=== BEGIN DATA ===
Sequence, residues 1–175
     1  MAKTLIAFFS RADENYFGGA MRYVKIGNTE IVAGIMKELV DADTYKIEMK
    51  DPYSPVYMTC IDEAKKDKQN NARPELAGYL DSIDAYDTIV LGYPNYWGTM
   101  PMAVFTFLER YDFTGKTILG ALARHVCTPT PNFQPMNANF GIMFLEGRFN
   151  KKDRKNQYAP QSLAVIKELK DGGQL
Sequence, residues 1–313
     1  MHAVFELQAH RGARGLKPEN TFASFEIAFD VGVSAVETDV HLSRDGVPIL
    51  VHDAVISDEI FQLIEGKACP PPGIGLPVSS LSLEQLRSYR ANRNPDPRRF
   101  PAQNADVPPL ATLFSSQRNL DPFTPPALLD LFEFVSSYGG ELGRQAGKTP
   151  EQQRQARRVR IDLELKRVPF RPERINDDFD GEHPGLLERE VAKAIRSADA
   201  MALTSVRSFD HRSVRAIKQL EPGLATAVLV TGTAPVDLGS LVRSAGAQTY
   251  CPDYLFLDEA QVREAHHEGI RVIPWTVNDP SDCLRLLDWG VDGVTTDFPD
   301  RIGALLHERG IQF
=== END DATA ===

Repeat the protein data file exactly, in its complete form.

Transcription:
Sequence, residues 1–175
     1  MAKTLIAFFS RADENYFGGA MRYVKIGNTE IVAGIMKELV DADTYKIEMK
    51  DPYSPVYMTC IDEAKKDKQN NARPELAGYL DSIDAYDTIV LGYPNYWGTM
   101  PMAVFTFLER YDFTGKTILG ALARHVCTPT PNFQPMNANF GIMFLEGRFN
   151  KKDRKNQYAP QSLAVIKELK DGGQL
Sequence, residues 1–313
     1  MHAVFELQAH RGARGLKPEN TFASFEIAFD VGVSAVETDV HLSRDGVPIL
    51  VHDAVISDEI FQLIEGKACP PPGIGLPVSS LSLEQLRSYR ANRNPDPRRF
   101  PAQNADVPPL ATLFSSQRNL DPFTPPALLD LFEFVSSYGG ELGRQAGKTP
   151  EQQRQARRVR IDLELKRVPF RPERINDDFD GEHPGLLERE VAKAIRSADA
   201  MALTSVRSFD HRSVRAIKQL EPGLATAVLV TGTAPVDLGS LVRSAGAQTY
   251  CPDYLFLDEA QVREAHHEGI RVIPWTVNDP SDCLRLLDWG VDGVTTDFPD
   301  RIGALLHERG IQF